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Well rotted manure as a growing medium

Hello, I have recently built a 3 by 2m box in my garden for veggies, we have no soil however I have got access to 5 year rotted horse manure, it's black, smells of nothing and is full of brandling worms. Can I use this material solely as a growing medium? Any advice greatly appreciated!!! Jake


  • Hostafan1Hostafan1 Posts: 34,051

    I'd say best to mix some topsoil, or even some multi purpose compost

  • pansyfacepansyface Posts: 21,903

    Is a diet of doughnuts good for you?image

    Sorry Verdun, I think you might say yes.image

    Apophthegm -  a big word for a small thought.
    If you live in Derbyshire, as I do.
  • Hostafan1Hostafan1 Posts: 34,051

    Jake, some crops like carrots don't  like well manured ground as it causes them to fork. Courgettes , peas etc love it though.

  • Thanks hostafan, do you have any suggestions as to the ratio of manure/multi pirpose compost?


  • Hostafan1Hostafan1 Posts: 34,051

    as I say, depends what you want to grow

  • salad leaves, beetroots, tomatoes, chillis, peppers, pak choi, courgettes, spring onion/leeks. However I am a pure amateur, never grown my own stuff before, so just testing the waters this year!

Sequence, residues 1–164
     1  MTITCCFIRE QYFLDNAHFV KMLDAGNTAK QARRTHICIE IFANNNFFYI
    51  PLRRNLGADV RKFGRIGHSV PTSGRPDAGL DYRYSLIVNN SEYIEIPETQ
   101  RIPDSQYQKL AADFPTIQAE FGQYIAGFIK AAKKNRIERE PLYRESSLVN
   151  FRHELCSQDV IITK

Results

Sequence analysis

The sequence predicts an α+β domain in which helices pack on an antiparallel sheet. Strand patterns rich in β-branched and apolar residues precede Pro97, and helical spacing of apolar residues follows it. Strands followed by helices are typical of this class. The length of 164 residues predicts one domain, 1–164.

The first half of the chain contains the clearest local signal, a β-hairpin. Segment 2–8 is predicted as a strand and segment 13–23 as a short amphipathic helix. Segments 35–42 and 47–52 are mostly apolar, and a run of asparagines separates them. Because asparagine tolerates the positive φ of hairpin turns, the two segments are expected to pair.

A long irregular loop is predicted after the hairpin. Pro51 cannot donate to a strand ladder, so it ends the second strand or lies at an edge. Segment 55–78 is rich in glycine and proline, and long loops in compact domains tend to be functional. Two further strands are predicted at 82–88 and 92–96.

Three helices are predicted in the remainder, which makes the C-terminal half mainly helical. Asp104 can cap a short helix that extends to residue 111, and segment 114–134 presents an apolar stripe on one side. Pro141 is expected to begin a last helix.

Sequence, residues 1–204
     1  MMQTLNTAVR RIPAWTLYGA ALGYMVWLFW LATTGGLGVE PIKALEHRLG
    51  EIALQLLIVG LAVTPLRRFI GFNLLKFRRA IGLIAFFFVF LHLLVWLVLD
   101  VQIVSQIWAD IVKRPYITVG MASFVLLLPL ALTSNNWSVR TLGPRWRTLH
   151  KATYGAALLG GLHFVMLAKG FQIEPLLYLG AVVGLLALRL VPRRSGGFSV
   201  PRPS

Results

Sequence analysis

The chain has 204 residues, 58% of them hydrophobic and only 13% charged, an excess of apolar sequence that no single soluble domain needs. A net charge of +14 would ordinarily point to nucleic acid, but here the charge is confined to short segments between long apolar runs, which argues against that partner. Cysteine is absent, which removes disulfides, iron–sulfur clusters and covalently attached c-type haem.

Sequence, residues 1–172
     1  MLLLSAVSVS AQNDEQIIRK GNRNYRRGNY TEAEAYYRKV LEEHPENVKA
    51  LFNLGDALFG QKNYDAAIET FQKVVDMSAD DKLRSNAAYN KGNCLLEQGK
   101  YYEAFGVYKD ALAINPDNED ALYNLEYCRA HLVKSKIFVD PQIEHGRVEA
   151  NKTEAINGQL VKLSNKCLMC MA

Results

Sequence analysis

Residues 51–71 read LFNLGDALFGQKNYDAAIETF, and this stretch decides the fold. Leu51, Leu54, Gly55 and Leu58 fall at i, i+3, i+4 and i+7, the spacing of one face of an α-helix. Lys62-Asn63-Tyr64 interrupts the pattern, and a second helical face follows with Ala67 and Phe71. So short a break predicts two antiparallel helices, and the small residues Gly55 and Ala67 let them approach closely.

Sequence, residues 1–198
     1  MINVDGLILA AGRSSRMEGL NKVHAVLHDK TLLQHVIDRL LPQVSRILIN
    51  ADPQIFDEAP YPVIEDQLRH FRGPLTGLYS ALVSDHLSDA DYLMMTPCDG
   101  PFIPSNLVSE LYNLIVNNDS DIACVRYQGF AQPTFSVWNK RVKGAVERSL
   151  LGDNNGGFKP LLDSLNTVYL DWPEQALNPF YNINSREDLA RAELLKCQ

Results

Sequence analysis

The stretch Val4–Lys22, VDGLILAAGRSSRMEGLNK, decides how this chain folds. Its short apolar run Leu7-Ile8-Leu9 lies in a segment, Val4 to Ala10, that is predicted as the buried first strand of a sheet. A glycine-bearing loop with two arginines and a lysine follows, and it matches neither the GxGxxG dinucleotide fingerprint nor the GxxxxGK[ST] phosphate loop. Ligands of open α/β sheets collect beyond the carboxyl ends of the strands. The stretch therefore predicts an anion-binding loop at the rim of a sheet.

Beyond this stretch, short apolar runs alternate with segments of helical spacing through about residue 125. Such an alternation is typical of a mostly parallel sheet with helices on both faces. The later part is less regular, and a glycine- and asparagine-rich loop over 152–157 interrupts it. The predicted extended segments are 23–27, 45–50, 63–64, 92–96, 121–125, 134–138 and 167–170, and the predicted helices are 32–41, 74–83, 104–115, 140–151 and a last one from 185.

• GemmaJFGemmaJF Posts: 2,286

    Some people do use it as a pure growing medium. I found it odd because I've seen for myself that freshly manured land causes forking in root crops.

    Having said this I watched a video on Youtube a while back with a guy filling raised beds with very well rotted muck like you described.

    He was pulling huge straight carrots out of it. So I guess you might be good to go with it. Some things we have to just try out for ourselves. I've had good results in the past with pure compost in raised beds.

  • Busy-LizzieBusy-Lizzie Posts: 21,710

    I have a friend who used manure like that to fill raised beds. He grew all that you are growing and it did very well, but he didn't grow carrots or parsnips.

    Dordogne and Norfolk. Clay in Dordogne, sandy in Norfolk.
  • GemmaJFGemmaJF Posts: 2,286

    The other benefit the guy in the video had was what was left at the end. Like a lovely thick black crumbly soil. I now he was keen to keep the worms going in it. Got to be worth a try. I can't find the video now, I think I disregarded and just thought he was nuts. Perhaps he was not so nuts after all! image

  • Blue OnionBlue Onion Posts: 2,953

    Your veg box doesn't need to be completely all mixed over.  You could mix a bag of compost in 50/50 at one end for carrots, etc that want a less fertile soil.  Other things like the courgettes, etc would love that dark old pure manure to grow in.  Experiment.image  Mix one end 50/50 and leave the other end pure.. and grow your carrots/salad/etc in a long row through both. 

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